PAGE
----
My Morning Juggle
Wake up to . . . meowing. (You thought I was going to say a baby was crying, didn't you?) Our cat, Oreo, is banned from sleeping in our room and thus seeks vengeance every morning by loudly crying outside the bedroom door. I let him in and open a window for him to sit at, before his yelling wakes up the kids — who will need a lot more than an open window when their eyes open.
My alarm goes off. I try to make it a point every morning to get dressed before the kids wake up. My success rate for this is only about 50 percent. I take a peek at the baby's monitor and cross my fingers his eyes are still closed. They're not (sigh) but he seems happy staring at his mobile, so I climb out of bed to get ready.
I'm dressed in 10 minutes or less. Having two kids has resulted in me showering only at night, and I lay my clothes out the night before, so I don't spend precious minutes stewing over what fits and mourning what no longer does.
I go get the baby before he gets annoyed with waiting and wakes up my toddler. My kids have separate rooms for now, but the baby's crib is on the shared wall, so occasionally he'll stir my older son out of a deep sleep.
Feed the baby. Feed the dog. Feed the cat. I only have time to feed or caffeinate myself — I think it's obvious which one I'm choosing today.
My 2-year-old is up. This is late for him, but I've made it a point to never, ever wake him up if I don't have to. I'd rather him eat a cupcake in the car for breakfast than deal with a morning tantrum. I'm also much more of a morning person than my husband, so I've tasked myself with getting everyone ready for the day as long as he handles all the animal needs (i.e., walking the dog and changing the cat litter — ew).
I hear the shower turn on, which means my husband has overslept. The dog is giving me sad eyes, so I load the kids up in the double jogging stroller
for a quick ride around the block. The only way my toddler will get in the stroller is if I give him a juice box. See the baby try to hold my toddler's hand — so cute! — and he actually lets him. Considering he wouldn't look at the baby five months ago, this is serious progress.
Pack up the cooler with the baby's bottles (all which were prepped the night before) and stick an extra yogurt in for my toddler who will inevitably not eat the provided daycare lunch.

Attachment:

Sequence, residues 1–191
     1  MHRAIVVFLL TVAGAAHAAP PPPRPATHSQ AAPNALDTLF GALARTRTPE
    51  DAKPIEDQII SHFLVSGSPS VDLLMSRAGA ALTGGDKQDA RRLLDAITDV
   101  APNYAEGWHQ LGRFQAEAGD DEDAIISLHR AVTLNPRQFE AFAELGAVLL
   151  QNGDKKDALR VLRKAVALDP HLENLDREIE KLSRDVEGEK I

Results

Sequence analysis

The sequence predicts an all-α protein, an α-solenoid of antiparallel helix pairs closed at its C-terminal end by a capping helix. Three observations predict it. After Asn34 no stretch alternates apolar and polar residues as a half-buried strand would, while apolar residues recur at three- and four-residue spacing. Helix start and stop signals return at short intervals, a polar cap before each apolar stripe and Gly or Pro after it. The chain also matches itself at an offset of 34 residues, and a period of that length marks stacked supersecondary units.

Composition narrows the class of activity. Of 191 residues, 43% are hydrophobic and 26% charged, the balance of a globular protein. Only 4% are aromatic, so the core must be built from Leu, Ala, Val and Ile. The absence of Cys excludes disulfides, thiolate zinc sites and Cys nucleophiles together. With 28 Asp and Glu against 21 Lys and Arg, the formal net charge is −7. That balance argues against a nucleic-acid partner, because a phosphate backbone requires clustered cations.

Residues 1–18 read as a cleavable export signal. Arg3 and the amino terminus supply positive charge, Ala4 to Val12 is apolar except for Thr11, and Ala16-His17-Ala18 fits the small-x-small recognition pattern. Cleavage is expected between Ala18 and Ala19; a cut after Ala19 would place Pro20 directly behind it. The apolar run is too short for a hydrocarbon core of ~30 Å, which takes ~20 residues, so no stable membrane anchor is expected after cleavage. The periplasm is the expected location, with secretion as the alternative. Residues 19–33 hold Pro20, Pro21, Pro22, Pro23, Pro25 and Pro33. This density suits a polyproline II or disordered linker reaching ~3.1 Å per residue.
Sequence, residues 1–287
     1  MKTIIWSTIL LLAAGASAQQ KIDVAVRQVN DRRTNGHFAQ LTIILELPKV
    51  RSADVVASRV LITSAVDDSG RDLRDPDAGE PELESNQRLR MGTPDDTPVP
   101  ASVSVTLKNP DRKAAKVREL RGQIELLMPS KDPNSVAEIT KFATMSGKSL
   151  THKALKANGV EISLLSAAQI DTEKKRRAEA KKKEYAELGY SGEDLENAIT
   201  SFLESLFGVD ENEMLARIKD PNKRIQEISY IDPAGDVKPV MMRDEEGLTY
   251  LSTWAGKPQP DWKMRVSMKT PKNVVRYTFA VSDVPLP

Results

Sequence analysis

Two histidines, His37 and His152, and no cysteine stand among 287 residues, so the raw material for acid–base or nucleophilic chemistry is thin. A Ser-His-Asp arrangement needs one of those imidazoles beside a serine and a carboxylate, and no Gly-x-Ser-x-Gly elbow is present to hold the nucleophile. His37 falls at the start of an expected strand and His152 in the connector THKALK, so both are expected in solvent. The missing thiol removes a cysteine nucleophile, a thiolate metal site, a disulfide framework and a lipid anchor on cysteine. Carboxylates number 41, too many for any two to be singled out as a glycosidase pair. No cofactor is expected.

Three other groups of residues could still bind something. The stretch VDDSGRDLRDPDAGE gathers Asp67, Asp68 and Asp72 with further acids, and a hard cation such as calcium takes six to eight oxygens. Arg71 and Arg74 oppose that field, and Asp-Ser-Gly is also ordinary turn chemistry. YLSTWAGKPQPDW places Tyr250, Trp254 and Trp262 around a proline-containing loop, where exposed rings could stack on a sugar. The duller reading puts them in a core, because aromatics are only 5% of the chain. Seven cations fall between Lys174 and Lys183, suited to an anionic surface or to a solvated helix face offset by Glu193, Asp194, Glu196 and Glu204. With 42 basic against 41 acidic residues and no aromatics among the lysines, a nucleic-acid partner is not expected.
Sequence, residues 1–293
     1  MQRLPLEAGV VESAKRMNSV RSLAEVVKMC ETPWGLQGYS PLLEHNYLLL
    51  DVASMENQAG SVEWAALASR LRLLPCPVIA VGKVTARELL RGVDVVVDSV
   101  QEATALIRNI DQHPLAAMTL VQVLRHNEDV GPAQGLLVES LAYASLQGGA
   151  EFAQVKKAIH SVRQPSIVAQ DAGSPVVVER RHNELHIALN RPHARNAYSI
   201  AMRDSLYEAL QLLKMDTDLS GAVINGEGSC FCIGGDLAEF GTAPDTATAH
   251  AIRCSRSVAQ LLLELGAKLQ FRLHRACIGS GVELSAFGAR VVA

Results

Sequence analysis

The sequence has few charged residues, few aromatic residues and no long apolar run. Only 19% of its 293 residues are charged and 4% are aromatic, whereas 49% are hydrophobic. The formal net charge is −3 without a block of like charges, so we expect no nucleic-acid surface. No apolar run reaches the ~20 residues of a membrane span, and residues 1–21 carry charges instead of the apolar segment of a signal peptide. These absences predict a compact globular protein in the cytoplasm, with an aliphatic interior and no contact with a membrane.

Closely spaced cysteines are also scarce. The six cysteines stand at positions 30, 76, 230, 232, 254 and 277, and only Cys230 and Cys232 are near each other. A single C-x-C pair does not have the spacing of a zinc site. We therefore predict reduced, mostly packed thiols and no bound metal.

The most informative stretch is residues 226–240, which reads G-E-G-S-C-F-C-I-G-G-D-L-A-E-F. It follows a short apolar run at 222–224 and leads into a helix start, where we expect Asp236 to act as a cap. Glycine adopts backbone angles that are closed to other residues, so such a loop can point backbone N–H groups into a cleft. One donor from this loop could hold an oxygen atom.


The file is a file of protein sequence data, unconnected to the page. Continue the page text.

Alas, a morning tantrum
happens anyway. He can't find his blue truck, and while one of my most résumé-worthy mom skills is remembering where all his cars are at any given time, I simply do not know where this freaking truck is. If we're not in the car in five minutes, my husband will miss his train into the city, as we're his carpool today.
Truck located (praise!) and everyone is in the car. It's going to be close, but if we get all the green lights and do a couple of rolling stops, we'll make it to the train. It also helps that the Long Island Rail Road (LIRR) is notoriously never on time. This annoys most people, but my husband and I bank on that 8:16 arriving at 8:21.
Breakfast is not a cupcake (#momwin) but a cereal bar, which my toddler has managed to smush in every crevice of his car seat. Make mental note to ask my husband to clean the car this weekend.
Husband makes train (because it's late, per usual) and I'm at day care. I take my toddler to his classroom first because he has less stuff (no bottles, no change of clothes, no food). He also has the most emotional baggage — he has cried at daycare drop-off
every single day since he was 4 months old. I know he's fine the moment I leave, but it's still gut-wrenching, so I like to get that part over with first.
Take the baby to his classroom while still hearing my older son wailing from down the hall. Unpack the baby's bottles, make his crib, and set him up in a fun bouncy swing. He's still in that blissful stage of oblivion, so he doesn't understand that I'm not coming back for eight hours. This also makes me sad, for reasons I can't explain (got to love those mom hormones).
Back in the car. It thrills me that I don't have to rush to find a spot in my town's commuter parking lot and make the 8:55 train, which would then lead to an even more hasty subway ride downtown to my office to sneak in before my boss comes looking for me.
I'm back home, and instead of doing laundry and tidying up, I get to work cranking out emails and working on deadlines because I know after today, this uninterrupted chunk of time when I don't have my kids with me will be gone. Come Monday, we'll be adjusting to a whole new morning routine where I'll need to juggle a work-from-home and stay-at-home-mom life at the same time. I feel slightly overwhelmed, but then remind myself that if I could handle the hustle of a daily commute, I'll figure out this new normal, too.